Not really that hard, it’s more getting the Honda set up the way that I like it. The bike is really good to start off with, but to set a bike up for supercross it takes a little bit of time, and every rider is a little different. Outdoors is pretty easy to set up for because the suspension is real loose and soft, but for supercross it takes a lot more, so I’m still in that process now. I’m actually going to be staying in California next week to do some testing, which will be my first testing of the year. So I’m hoping that after next week I’ll feel even more comfortable on the bike.
So what happened this year at the two Anaheim races that you didn’t qualify?
Ferry is back on Hondas for the first time since 1994
The first race, I came out in the heat race and they had a really gnarly set of whoops there, and in the heat race Kyle Lewis got the holeshot and I came out second and I went into the whoops a little too hot. I ended up going over the bars and just took a pretty good shot and decided to call it a night. At that point I really had nothing to gain by going out there. And then I got to come home and do one day of riding, and I went to Phoenix and felt pretty good. But then going into the second Anaheim, I had a crash in my semi that put me in last, and in the LCQ I didn’t get a good start and couldn’t pass enough guys to qualify. That’s pretty much the story. In practice I was 12th fastest both times, but I wasn’t able to translate that over into the qualifiers to give me a shot in the main event.
Well, you’re back to being on a privateer team. Do you remember the last time you were a privateer?
Last time I was a privateer was in ’99, when I rode for Noleen. And it was on a YZ250.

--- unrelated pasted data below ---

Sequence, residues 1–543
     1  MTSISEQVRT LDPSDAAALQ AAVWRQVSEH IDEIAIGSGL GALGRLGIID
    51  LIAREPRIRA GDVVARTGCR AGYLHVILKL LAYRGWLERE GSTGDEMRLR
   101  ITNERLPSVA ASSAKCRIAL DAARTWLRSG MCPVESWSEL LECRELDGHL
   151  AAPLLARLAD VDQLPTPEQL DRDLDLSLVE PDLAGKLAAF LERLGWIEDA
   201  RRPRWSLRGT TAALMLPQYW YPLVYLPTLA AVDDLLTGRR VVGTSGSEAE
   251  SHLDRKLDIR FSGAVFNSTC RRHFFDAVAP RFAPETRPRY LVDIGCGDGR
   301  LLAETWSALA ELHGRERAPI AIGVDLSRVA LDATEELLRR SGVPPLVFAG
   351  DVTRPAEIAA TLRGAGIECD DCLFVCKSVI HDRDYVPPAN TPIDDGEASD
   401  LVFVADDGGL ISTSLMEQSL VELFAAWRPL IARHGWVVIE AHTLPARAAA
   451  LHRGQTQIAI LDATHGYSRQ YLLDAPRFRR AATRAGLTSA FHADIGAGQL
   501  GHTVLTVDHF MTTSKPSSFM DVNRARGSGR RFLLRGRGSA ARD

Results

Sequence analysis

How about the last time you rode a Honda?
In 1994 with RRP.
So now you’re with Moto XXX , which has been around for
quite a while. You and Kyle Lewis bring a lot of experience to that
Yeah, things are going good. The results haven’t really shown what we have yet. Kyle has had some rough luck, and last weekend he was in the same predicament as me and we both got into a pileup. I think once the year progresses, we can definitely help out Josh Summey, who is going to be riding the Lites class, and also Juss Laansoo, who doesn’t have a lot of supercross experience. So they can definitely benefit from Kyle or me, and Kyle has been around longer than me.
What’s up with those motors? Kyle is always pulling holeshots.
Yeah, the bike is plenty fast. Allan does the motors, and he definitely has it dialed in. At the first race, in the heat, it was Kyle and me right off the get-go. I really hadn’t done any starts except on that race day because I had no starting device, but the bike is definitely fast enough to get the holeshots.
What’s your goal for supercross this season?
Realistically, my ultimate goal is to stay healthy. By not coming back out and racing that semi at A1, it shows that I’m looking at having a long year, and that’s my main goal in supercross and outdoors. Obviously, not qualifying at the first race shows I have a lot of improvement to do, but from here I just want to get into the top ten and ride that consistently.
Will we see you racing the nationals this year?
Oh yeah. I’m definitely a better outdoor rider and that’s where I’m going to shine. I’ll be 100 percent healthy by then. I mean, I had four surgeries last year and you definitely don’t just bounce back from that. My long-term goal is to be healthy and strong for the outdoors.
On a personal level, how is everything at home?
Everything is going really good, actually. My little boy, Evan, he’s 15 months old now. My wife is doing well. My injuries were really unfortunate in the sense that I didn’t get to race and do what I was getting paid to do, but I got to spend a lot of time at home with my family and my little boy. I would’ve liked to have been doing my job and racing, but he came along at the right time when I was home a lot. It’s been a change, one definitely for the better, but I’m looking forward to seeing him grow up. He’s already all about the motorcycles, so it’s pretty neat.
Who would you like to thank, Tim?
I definitely want to thank my wife for sticking behind me. I’d like to thank Moto XXX, Unbound, O’Neal, and all the team sponsors for sticking behind me this year. They were the only ones who were willing to step up to the plate and do that and my goal is to show that it was a good decision.
Tim Ferry’s sponsors:
Honda Genuine Parts
Share this article:
Did you like this article?
Check out MONSTERBALLin our Latest issue of Racer X available now.
Playing soccer on 250cc motorcycles might sound like a strange form of riding, but in Russia they do it with great passion—and for very little reward. Page 112.